Selective Evangelism… Would you, Could you, Should you?

QUESTION:  If your church could reach more people for Christ by focusing on one “people group” in your community, would you do so?

Charles Arn writes:  Certain people around your church are more receptive to the Gospel than others.  I suggest that good stewardship of your church’s human and fiscal resources calls you to find and focus on these receptive people.  They are the “fertile soil” (see Mt. 13:1-23) who are “ripe unto harvest” (Jn. 4:35).  And your successful evangelistic results will be praised by the Master with the same words heard by those who returned more talents than they had been given: “Well done, good and faithful servant” (see Mt. 25:14-30).

The “Receptivity-Resistance Axis” below illustrates a person’s openness to becoming a new creation in Christ.  Every non-Christian is somewhere on this Axis.


Some people are open and responsive to the Good News—the “good soil,” as Christ described them in the Parable of the Sower.  Others are resistant to the Gospel—the rocky soil.  When Jesus concluded this parable with, “He who has ears to hear, let him hear,” I believe he was suggesting that the Good News we proclaim will not be received with equal receptivity.  And we are called to identify those who will hear, listen, and respond.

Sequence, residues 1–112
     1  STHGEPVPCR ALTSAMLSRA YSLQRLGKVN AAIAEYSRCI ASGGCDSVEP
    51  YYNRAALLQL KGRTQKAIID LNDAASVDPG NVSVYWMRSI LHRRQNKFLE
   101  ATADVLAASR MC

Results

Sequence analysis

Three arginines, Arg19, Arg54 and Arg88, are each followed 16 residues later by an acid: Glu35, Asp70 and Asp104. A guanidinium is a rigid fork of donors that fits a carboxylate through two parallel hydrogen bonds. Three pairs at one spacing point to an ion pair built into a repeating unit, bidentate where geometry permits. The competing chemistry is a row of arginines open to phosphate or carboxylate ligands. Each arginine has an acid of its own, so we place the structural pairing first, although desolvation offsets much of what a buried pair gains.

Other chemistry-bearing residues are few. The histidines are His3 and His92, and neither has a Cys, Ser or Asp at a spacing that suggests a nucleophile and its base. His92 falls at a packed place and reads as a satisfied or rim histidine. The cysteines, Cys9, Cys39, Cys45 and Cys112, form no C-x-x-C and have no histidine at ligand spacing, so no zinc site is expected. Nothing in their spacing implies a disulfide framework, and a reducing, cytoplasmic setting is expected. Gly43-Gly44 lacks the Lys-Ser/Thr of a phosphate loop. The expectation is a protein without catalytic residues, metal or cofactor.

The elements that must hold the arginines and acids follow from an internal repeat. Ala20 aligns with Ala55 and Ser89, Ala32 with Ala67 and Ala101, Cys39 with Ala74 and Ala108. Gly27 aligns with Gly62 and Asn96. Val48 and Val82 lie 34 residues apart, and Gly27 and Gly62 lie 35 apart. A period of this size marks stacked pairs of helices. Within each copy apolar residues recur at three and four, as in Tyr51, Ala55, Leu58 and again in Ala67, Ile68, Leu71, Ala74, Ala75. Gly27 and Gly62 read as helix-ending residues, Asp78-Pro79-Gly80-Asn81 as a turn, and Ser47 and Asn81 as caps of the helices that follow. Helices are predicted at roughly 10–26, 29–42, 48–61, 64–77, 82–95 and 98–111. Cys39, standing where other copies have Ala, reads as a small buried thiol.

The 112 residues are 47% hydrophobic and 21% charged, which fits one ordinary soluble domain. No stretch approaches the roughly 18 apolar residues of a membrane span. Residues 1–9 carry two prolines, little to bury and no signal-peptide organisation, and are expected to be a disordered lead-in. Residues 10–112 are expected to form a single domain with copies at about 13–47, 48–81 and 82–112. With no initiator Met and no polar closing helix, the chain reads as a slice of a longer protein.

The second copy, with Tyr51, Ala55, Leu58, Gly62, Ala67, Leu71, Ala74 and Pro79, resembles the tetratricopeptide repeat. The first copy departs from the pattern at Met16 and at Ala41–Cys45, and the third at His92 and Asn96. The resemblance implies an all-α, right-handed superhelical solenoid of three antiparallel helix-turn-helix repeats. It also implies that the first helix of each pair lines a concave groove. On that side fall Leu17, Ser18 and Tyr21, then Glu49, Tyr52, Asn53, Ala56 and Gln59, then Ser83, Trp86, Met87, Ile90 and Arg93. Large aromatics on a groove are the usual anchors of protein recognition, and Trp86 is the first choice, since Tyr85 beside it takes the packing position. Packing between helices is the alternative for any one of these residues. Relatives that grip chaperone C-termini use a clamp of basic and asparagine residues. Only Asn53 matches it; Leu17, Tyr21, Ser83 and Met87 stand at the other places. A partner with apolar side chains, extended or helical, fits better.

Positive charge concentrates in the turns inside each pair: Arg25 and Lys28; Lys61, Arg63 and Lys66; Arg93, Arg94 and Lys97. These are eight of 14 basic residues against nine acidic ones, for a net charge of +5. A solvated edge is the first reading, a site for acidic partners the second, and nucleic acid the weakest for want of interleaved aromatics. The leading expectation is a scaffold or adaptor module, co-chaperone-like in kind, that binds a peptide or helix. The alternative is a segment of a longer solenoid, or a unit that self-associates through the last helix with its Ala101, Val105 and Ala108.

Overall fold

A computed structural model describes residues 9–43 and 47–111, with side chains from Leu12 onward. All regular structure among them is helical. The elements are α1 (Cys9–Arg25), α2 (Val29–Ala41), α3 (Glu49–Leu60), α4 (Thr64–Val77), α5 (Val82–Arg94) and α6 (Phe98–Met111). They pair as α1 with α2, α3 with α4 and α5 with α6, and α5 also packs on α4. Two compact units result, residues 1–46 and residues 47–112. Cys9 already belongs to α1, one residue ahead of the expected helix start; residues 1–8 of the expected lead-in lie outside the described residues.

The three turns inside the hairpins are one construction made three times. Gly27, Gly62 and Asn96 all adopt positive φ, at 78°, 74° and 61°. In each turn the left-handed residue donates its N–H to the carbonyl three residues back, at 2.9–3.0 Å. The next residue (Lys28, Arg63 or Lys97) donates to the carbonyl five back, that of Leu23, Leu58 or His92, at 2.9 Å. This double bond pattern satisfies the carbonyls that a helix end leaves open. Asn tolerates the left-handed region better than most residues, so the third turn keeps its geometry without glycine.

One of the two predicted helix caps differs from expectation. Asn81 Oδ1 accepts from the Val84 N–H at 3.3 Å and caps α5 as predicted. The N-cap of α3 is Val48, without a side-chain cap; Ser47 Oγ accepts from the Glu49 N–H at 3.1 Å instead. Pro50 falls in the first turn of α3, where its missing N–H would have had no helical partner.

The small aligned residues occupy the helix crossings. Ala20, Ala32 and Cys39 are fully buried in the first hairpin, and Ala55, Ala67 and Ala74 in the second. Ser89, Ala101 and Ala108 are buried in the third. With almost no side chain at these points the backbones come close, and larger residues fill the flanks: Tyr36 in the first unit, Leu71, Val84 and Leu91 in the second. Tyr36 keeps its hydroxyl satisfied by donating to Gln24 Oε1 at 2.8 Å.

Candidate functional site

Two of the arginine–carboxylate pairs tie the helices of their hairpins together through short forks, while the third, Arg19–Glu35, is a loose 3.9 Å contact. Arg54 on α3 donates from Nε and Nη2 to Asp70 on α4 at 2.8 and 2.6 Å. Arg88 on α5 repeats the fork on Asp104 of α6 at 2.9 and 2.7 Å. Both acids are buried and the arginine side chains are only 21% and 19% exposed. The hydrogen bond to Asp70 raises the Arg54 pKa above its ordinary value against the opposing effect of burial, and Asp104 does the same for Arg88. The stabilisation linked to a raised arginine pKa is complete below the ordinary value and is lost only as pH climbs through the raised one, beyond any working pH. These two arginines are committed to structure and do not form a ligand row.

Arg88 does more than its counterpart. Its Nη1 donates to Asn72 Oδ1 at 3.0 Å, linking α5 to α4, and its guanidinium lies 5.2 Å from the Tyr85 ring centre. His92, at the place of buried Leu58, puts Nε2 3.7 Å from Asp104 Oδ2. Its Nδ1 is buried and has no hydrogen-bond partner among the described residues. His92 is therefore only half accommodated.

It is also important to note that people are always moving on this Receptivity-Resistance Axis; some are moving toward greater receptivity, others toward greater resistance.

A key question I hope you’re asking is: “How do we identify the receptive people in our community?”

So… how are YOU identifying people in your community?



Read more from Charles here…



  • pietrosquared May 22, 2013 Reply

    Wow… I pity those poor unreceptive people… I guess results matter that much…

    • davepatchin May 22, 2013 Reply

      Pietro, you may be a wee bit too sarcastic in this response. Jesus was pretty clear that his followers should focus on those that were open and responsive (Mt. 10:14) and even called the leaving to focus on the more receptive people a “testimony against” the unresponsive (Luke 9:5, Acts 13:51).

  • I think Arn’s comments reflect the nature of evangelism as a process or journey.

    Many writers, myself included, recognize the reality that some people are open and seeking, others are curious, and others still are downright hostile to faith.

    The question is:

    Are we being results oriented if we focus only on the open, or are we cooperating with the work of the Spirit who is opening hearts?

    Do we try to force open the closed heart of the unreceptive, or spend our time with those who are actively seeking?

    For me, I prefer to spend time with those who are seeking. I’ll continue to pray for those who are hostile and closed, that they would open their hearts to God’s drawing.

    Spiritual thirst is a key for me.


  • Robert Barnes May 22, 2013 Reply